More megaload modules headed here

Representatives from oil company answer questions in Lewiston

By Elaine Williams of the Tribune

Wednesday, November 17, 2010
Seventeen more modules of ExxonMobil/Imperial Oil will be shipped to the Port of Lewiston before the Columbia/Snake river system closes to barge traffic for lock rehabilitation on Dec. 10.

They will join 16 others already at the Port of Lewiston that are among the first of more than 200 megaloads ExxonMobil/Imperial Oil wants to cross Idaho on U.S. Highway 12 that will consume two lanes of traffic.

But the oil company has yet to receive permission from the state for the first to pass, or offer a backup plan of what it will do if the paperwork is never issued. Barging from Lewiston to the Pacific Ocean won’t be open again until the middle of March.

“We would have to look at that,” said Chris Allard. “These are pretty technical pieces of equipment and that would have to be carefully studied.”

Allard is Imperial Oil’s senior project manager with the Kearl Oil Sands Project in Calgary, Alberta. He was one of three representatives of ExxonMobil/Imperial Oil in Lewiston Tuesday on a trip where the group was visiting at least one other newspaper to answer questions about the megaloads.

The oil company is surprised at how long it’s taking to secure the necessary permission. U.S. Highway 12 has a history of use for similar loads with the same weight per axle as the modules for a processing plant at the Kearl Oil Sands, Allard said.

Allard wonders if a great share of the public’s misunderstanding about the project is based on watching cable television. “We move through in a very controlled manner,” Allard said. “… It’s just not exciting. It’s not the ‘Ice Road Truckers.’ ”

ExxonMobil/Imperial Oil has been working with the Idaho Transportation Department since May of 2008 doing everything possible to eliminate potential risks of the journey such as a rig landing in the Clearwater or Lochsa rivers that parallel the route, Allard said. “That is like an elevator failing. (It’s) an extremely remote event.”

Among the precautions it’s taken are having redundant breaking systems in the rigs and configuring the trucks so in the unlikely event something went wrong the load would most likely would land upright on the road, not in the river, Allard said.

Those safeguards and others, such as ways to alert the convoy of people rushing to the hospital in private vehicles, are so robust the oil company doesn’t believe it needs to pursue additional measures such as having an ambulance and paramedic travel with its megaloads, Allard said.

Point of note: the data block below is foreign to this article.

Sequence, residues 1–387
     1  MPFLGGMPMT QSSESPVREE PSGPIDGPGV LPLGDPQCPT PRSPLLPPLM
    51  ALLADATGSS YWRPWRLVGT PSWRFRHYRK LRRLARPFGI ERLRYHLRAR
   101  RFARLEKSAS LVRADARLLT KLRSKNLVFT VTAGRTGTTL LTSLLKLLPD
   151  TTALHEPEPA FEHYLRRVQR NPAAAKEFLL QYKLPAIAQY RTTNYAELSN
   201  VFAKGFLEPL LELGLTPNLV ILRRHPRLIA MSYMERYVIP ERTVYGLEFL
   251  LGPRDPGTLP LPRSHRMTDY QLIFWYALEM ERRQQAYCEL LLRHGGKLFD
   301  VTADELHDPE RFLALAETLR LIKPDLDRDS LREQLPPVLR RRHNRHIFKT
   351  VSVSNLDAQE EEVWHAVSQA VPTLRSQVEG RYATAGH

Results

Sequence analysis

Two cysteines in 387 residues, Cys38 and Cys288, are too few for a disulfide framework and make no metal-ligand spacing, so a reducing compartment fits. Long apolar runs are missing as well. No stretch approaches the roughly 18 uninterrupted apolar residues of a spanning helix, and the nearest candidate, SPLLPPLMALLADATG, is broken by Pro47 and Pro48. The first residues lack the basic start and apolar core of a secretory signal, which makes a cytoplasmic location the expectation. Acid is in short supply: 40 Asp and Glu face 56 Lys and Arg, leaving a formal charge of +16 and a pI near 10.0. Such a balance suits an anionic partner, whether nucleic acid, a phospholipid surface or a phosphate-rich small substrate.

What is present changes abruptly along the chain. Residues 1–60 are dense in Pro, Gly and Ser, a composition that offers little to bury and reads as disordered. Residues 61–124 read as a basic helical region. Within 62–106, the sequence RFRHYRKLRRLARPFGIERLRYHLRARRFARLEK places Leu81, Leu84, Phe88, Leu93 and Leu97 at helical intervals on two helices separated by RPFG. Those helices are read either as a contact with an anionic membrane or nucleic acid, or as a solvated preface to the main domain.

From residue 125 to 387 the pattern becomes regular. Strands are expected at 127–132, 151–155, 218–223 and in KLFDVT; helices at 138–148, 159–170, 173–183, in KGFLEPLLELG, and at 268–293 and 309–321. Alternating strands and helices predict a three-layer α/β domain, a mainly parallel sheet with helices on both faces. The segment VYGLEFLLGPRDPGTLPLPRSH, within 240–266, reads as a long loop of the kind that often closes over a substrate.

The latter is something ConocoPhillips has promised to do at its own expense with four megaloads it wants to take from U.S. Highway 12 to a Billings, Mont., refinery if it can get permission from ITD.

Similarly the proximity of a crane capable of removing the cargo from the river is not relevant to the issue because of extraordinarily small odds it would be needed, Allard said.

Opponents of the loads have been concerned that, according to the oil company, the soonest a crane could be on the scene of an accident is 10 hours.

Other conditions ITD has promised to impose on the megaloads include requirements they travel at night and pull over every 15 minutes to allow traffic to pass.

ITD’s decision on the ExxonMobil/Imperial Oil megaloads is of extreme importance to the United States, Allard said.

ExxonMobil/Imperial Oil’s project is one of the largest in the Canadian oil sands, projected to produce 345,000 barrels a day once it reaches capacity and maintain that for about 40 to 50 years, Allard said. .

Such volume diminishes the dependence of the United States for oil from more volatile places like Saudi Arabia and Venezuela, Allard said. Idahoans benefit directly from Canadian production, Allard said.

More than 80 percent of the crude oil supply for three Billings refineries comes from Canada and a significant share of that is from the oil sands. Just one of those refineries was responsible for more than seven percent of Idaho’s gasoline in 2009.

Highway 12 play will play a critical role in developing the supply of oil ExxonMobil/Imperial Oil is tapping, Allard said.

It is the only way to get its modules to the Kearl Oil Sands, Allard said. The maximum height of the loads, 30 feet, makes them too tall to be trucked from the Gulf of Mexico through the center of the United States or across Canada, Allard said.

The height was dictated by the Korean made modules needing to be compatible with other modules manufactured for the Kearl Oil Sands, Allard said.

The modules procured in Korea are different than those manufactured in Canada and the Korean manufacturer has a proven track record of making similar modules for other oil sands operators, according to ExxonMobil/Imperial Oil.

Williams may be contacted at [email protected] or (208) 848-2261.

Hearing on public involvement in megaloads
permits will be televised Friday

A hearing to determine if more public involvement is needed on four megaloads ConocoPhillips wants to haul on U.S. Highway 12 will be televised at 8 a.m. Friday at the Idaho Transportation Department’s Lewiston office at 2600 North South Highway.
The proceeding is being conducted at the agency’s Boise headquarters. ITD has issued permits for the loads, but stayed them pending the outcome of the hearing. The proceeding is conducted to determine if three opponents of the megaloads will receive intervenor status and if a contested case hearing will be conducted on the permits.